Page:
plans, wilderness plans, wild and scenic river plans, and
comprehensiveconservation plans, among others. All these plans
apply to a specific geographic area, make programmatic decisions, and
are developed using agency National Environmental Policy Act
In addition to these broad scale plans, agencies routinely
prepare more specific or subsidiary plans, including public use
management plans, wilderness plans, and transportation plans.
These types of specific plans that are adopted pursuant to
public processes are to be encompassed within the reference to
an approved land and resource management plan.
The fact that land and resource management plans are
pending should not automatically preclude issuance of permits
for ten-year terms. In fact, permit administrators should
generally issue permits for ten-year terms to reduce
administrative overhead and to provide improved financial
planning for permittees. Since the permits are subject to
adjustment to make them consistent with agency land and
resource management plans, the ten-year term should not
preclude adjustments necessary to match land and resource
management plans. If, however, a land and resource management
plan is within a year of being approved and changes in the
permit or amount of outfitted use are anticipated, a shorter
term might be justified.
Issuance of authorizations for a term of less than ten
years should be limited. Such cases should be foreseeable and
clearly warrant a reduced term. For example, a land and
resource management plan has set a date to close an area to
public access. If that date is less than ten years in the
future, the term of outfitter authorizations for that area may
be limited to that date, unless other locations are available
for outfitting and guiding.
Section 7. Authorization fees
In determining the amount of an authorization fee, the
Secretary should consider the obligations of the outfitter
under the permit, the provision of a reasonable opportunity to
engage in a successful business venture, and the fair value of
the use and occupancy granted by the outfitter authorization.
When determining the fee, the Committee does not intend for
the agencies to layer fees on an outfitter and its customers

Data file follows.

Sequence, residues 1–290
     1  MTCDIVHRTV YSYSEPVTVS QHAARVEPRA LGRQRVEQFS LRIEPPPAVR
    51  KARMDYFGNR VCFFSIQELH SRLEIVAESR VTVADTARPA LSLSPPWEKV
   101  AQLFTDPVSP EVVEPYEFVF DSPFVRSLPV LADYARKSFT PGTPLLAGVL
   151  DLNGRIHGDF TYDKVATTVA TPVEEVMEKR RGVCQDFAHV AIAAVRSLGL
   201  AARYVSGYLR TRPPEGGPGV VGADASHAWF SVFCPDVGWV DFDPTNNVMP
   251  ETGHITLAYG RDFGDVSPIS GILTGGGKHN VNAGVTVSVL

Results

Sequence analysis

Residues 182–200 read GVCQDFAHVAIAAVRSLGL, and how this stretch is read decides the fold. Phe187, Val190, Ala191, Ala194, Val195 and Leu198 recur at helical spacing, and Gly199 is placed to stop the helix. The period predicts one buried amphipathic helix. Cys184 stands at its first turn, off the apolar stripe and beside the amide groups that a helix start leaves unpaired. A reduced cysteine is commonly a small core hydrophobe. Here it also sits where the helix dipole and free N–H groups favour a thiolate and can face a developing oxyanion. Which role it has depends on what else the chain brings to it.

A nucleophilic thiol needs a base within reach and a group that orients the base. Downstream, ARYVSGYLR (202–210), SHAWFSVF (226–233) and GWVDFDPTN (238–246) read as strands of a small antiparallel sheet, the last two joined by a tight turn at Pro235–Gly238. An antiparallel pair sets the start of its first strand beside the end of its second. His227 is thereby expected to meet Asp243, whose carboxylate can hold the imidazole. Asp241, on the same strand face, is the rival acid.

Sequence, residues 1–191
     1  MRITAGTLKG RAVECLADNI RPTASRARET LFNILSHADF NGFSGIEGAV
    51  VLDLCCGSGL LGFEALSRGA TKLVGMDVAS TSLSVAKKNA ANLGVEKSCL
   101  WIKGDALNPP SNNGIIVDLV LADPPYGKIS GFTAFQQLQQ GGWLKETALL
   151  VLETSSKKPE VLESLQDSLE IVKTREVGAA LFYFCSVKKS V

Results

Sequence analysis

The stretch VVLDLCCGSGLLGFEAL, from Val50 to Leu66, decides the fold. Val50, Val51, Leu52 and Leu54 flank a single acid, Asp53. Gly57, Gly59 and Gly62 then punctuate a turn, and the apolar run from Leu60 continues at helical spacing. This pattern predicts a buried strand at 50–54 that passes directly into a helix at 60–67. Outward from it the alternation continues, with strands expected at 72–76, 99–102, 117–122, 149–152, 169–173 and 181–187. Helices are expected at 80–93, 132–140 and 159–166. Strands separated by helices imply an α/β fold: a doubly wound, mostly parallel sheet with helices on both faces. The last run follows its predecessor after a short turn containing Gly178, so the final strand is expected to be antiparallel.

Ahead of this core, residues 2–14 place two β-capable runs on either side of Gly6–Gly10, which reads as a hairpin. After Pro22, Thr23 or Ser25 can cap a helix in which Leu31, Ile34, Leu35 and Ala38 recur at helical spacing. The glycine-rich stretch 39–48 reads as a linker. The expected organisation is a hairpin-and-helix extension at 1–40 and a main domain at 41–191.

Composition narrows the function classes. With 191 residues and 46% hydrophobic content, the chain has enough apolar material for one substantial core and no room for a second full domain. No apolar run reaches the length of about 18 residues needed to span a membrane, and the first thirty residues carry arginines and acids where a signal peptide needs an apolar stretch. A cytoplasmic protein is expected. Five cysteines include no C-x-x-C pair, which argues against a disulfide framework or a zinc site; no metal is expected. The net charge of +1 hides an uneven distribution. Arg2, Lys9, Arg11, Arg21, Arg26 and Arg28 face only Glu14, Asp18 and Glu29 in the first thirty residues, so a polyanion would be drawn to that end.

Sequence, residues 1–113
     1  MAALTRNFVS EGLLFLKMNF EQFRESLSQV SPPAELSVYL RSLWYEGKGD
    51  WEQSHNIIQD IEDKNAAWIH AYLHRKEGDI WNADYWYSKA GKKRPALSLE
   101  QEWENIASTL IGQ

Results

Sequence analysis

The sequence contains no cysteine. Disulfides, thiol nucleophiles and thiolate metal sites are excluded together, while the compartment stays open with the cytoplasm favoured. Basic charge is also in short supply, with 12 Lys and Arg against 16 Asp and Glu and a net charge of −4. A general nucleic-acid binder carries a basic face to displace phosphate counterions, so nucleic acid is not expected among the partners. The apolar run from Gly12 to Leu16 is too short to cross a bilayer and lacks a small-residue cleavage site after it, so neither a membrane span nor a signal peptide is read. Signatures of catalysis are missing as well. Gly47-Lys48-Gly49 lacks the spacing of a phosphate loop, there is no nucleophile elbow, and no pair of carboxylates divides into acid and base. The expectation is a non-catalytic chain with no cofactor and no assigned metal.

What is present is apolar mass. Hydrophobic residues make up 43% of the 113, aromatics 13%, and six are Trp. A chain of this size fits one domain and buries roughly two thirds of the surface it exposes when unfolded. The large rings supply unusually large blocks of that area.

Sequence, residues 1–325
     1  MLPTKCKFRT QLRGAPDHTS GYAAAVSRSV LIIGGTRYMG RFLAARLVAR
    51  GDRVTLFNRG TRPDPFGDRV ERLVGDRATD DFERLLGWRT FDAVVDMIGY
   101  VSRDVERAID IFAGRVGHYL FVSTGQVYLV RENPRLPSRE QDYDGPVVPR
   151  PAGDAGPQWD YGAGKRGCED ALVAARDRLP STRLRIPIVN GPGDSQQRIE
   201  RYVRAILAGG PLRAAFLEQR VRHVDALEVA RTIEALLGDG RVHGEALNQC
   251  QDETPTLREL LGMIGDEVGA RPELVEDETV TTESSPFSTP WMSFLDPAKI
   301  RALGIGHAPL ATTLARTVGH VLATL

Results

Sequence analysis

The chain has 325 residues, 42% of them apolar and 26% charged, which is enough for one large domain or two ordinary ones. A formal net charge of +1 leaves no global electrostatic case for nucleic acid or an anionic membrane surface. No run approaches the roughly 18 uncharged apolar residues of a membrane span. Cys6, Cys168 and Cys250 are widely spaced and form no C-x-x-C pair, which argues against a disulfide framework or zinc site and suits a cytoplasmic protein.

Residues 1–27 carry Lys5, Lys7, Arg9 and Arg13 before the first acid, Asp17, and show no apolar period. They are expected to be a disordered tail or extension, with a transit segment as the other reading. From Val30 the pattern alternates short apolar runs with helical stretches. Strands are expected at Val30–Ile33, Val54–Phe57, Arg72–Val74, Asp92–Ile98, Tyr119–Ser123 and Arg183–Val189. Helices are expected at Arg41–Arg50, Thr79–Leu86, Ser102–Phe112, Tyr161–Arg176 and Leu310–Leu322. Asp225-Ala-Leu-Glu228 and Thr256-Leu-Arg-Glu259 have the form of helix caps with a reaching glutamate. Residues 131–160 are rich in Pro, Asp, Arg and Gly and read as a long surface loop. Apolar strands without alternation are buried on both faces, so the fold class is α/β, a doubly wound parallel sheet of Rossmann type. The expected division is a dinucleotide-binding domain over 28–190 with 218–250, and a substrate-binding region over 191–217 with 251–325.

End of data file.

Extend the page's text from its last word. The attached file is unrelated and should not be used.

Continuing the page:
when agencies have the authority to charge a fee at multiple
locations or for multiple activities. The Committee does not
want the agencies to charge outfitters twice for the same
service or facility, for example, by charging the outfitter's
customers a facility use fee and counting that fee as revenue
collected by the outfitter for purposes of calculation of the
outfitter's permit fee. However, the Committee intends the
agencies to charge outfitters for their use and occupancy of
Federal lands, as well as for their customers' use of
facilities that are made available to the public for a fee
under other authorities. When determining fees pursuant to
subsection (a)(2) of this section, agencies should take into
consideration costs to the government in providing such
facilities for outfitter use.
The reasonable schedule required in section 6(c)(2)(C) may
consist of a payment prior to issuance of an outfitter
authorization or commencement of annual operations and at a
minimum should consider business cash flow, seasonality of the
use, and cost to the federal government to process bills.
Section 8. Liability and indemnification
This section establishes the principles governing liability
and indemnification. It also provides for the outfitted public
to acknowledge the risks associated with outfitted activities,
and, subject to certain conditions, to waive negligence claims
arising out of outfitted activities.
Section 9. Allocation of use
Terms and conditions of an outfitter permit shall provide
for a principal allocation of outfitter use. Upon renewal,
transfer, or extension of an outfitter permit, the same
principal allocation of use shall be included unless an
adjustment is required in accordance with this bill.
The bill does not lock in existing use allocations to
outfitters. The bill specifically authorizes the agencies to
make changes in allocation levels, and to amend allocations
during the term of a permit, when necessary to comply with